Portraits of close friends and family are painted onto original surfaces to pay homage to faces that resemble that of my own but will most likely never understand who or where they truly originated from. Everything I make is personal. If it’s not, then I feel like there’s no purpose in me trying to say something with it.

[instagram url= width=420]


When did you find that you could do this art thing?

In high school I was a state champion in track; I was a football player; I played basketball; I did everything. I was a true athlete. That was the only thing I knew. I went to college on a football scholarship and was a total jock. All I knew was that I needed to take an opportunity that got me outside of where I was from. I had no idea what would come after school.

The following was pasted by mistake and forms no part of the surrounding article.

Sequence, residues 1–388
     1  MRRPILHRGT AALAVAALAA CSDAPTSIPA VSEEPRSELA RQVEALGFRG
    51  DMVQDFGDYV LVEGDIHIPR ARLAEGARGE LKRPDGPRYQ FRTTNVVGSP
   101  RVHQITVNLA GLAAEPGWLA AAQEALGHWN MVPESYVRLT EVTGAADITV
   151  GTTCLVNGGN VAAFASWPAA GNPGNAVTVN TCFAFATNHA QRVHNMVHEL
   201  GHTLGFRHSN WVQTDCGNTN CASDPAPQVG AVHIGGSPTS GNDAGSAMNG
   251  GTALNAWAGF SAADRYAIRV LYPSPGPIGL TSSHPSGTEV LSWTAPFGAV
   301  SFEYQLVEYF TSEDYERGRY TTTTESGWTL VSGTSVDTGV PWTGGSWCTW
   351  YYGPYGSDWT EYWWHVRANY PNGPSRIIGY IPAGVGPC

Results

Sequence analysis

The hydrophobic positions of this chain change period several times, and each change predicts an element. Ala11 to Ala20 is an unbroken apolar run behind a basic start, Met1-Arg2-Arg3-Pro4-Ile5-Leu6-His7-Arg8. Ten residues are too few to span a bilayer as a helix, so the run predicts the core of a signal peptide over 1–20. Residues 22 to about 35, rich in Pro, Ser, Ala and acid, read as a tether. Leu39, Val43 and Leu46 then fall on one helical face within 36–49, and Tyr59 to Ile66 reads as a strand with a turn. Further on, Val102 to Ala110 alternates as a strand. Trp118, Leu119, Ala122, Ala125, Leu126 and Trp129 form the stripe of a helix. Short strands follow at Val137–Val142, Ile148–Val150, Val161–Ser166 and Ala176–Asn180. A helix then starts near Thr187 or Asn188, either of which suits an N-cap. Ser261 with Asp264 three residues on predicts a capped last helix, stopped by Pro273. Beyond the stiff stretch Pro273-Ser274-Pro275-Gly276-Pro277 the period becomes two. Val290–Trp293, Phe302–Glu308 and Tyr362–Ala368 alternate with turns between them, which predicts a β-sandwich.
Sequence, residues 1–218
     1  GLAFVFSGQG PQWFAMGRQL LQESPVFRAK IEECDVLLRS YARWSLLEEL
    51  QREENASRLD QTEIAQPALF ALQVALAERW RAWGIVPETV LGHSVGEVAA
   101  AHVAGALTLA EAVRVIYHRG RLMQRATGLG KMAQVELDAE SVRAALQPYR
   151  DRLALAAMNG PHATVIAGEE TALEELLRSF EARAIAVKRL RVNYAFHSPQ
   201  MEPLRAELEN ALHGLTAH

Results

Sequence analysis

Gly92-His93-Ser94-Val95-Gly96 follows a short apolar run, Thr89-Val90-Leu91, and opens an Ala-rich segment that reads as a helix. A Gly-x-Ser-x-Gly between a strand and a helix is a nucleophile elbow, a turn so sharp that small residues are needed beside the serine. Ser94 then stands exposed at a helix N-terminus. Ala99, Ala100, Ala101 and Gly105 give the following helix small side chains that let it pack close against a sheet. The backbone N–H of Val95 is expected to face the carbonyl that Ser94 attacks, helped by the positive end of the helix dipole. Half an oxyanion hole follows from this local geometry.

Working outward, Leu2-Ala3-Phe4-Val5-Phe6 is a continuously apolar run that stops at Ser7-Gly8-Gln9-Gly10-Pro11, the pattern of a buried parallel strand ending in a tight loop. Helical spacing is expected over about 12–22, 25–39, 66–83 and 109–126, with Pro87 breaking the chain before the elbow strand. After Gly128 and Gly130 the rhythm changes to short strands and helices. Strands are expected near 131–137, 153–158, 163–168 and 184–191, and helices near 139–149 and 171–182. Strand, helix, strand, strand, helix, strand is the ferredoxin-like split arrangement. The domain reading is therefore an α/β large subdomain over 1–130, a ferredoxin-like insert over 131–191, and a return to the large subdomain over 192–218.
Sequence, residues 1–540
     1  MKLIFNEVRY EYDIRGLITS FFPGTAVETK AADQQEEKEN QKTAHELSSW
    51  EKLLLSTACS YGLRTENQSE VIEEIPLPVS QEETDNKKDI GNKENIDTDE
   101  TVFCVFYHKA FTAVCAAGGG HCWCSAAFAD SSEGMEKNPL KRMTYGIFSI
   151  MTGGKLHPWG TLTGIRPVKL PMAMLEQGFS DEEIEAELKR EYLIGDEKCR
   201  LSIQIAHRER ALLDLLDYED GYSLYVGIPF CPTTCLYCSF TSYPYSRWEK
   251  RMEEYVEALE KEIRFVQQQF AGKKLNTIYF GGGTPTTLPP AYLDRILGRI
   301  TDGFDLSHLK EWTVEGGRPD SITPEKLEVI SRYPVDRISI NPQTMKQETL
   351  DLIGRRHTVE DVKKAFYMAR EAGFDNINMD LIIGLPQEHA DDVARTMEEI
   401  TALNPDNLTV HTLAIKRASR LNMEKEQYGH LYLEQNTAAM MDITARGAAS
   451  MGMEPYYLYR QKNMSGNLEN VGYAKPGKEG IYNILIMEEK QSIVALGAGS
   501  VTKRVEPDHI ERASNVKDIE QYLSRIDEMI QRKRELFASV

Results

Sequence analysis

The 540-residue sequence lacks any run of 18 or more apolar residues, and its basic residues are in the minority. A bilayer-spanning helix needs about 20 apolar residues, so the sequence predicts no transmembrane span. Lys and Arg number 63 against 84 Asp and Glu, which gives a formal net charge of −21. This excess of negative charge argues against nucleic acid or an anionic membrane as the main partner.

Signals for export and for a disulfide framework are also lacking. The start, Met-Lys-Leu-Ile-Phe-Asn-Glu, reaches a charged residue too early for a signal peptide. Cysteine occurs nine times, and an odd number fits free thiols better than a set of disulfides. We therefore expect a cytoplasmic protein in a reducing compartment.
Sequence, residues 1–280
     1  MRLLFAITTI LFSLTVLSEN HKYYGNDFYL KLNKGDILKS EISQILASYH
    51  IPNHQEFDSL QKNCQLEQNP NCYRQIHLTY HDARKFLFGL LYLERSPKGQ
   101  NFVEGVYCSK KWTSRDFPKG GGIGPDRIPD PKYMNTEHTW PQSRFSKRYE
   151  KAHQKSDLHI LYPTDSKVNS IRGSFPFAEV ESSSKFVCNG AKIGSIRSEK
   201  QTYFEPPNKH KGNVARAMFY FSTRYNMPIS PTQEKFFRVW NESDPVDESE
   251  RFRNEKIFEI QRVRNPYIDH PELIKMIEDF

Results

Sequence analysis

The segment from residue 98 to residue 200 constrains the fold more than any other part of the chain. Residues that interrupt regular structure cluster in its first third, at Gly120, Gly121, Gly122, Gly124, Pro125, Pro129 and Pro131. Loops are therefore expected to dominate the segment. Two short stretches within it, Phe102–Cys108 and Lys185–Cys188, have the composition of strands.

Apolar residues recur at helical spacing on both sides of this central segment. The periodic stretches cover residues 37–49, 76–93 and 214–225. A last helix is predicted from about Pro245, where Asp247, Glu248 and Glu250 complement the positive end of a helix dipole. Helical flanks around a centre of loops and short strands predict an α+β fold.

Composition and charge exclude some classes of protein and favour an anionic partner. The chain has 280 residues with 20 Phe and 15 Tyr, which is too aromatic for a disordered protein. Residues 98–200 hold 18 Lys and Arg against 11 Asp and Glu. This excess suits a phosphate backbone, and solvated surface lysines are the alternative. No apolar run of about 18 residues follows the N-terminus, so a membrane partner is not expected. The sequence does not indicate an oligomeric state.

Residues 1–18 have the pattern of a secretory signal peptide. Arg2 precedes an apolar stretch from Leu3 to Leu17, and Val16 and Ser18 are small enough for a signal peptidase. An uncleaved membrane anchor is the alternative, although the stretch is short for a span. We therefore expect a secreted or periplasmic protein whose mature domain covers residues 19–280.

While I was at NCCU I took a painting class with Beverly McIver, a nationally recognized artist and the Esbenshade Professor of the Practice in Studio Arts at Duke University. In her class, I sold my first painting to Emily Kass, then the director at the Ackland Art Museum. That’s when I realized I had something. I realized I [didn’t] have to be the typical athlete. I’m a die-hard athlete, like I’ll watch every game. But I realized I didn’t have to fit the stereotype.

What’s gotten you through when you hit resistance?

Knowing that I’m doing what I believe in and that I have unique talent. Everyone doesn’t think the same way I do. It’s about being honest with myself. There are times I want to just quit, but for what? There really is no purpose of giving up, especially if at the end of it all I want to be an example. And getting to the breaking point is what makes it worthwhile. If it wasn’t difficult there wouldn’t be a purpose.

When you put your work out there, what type of viewer responses resonate the most?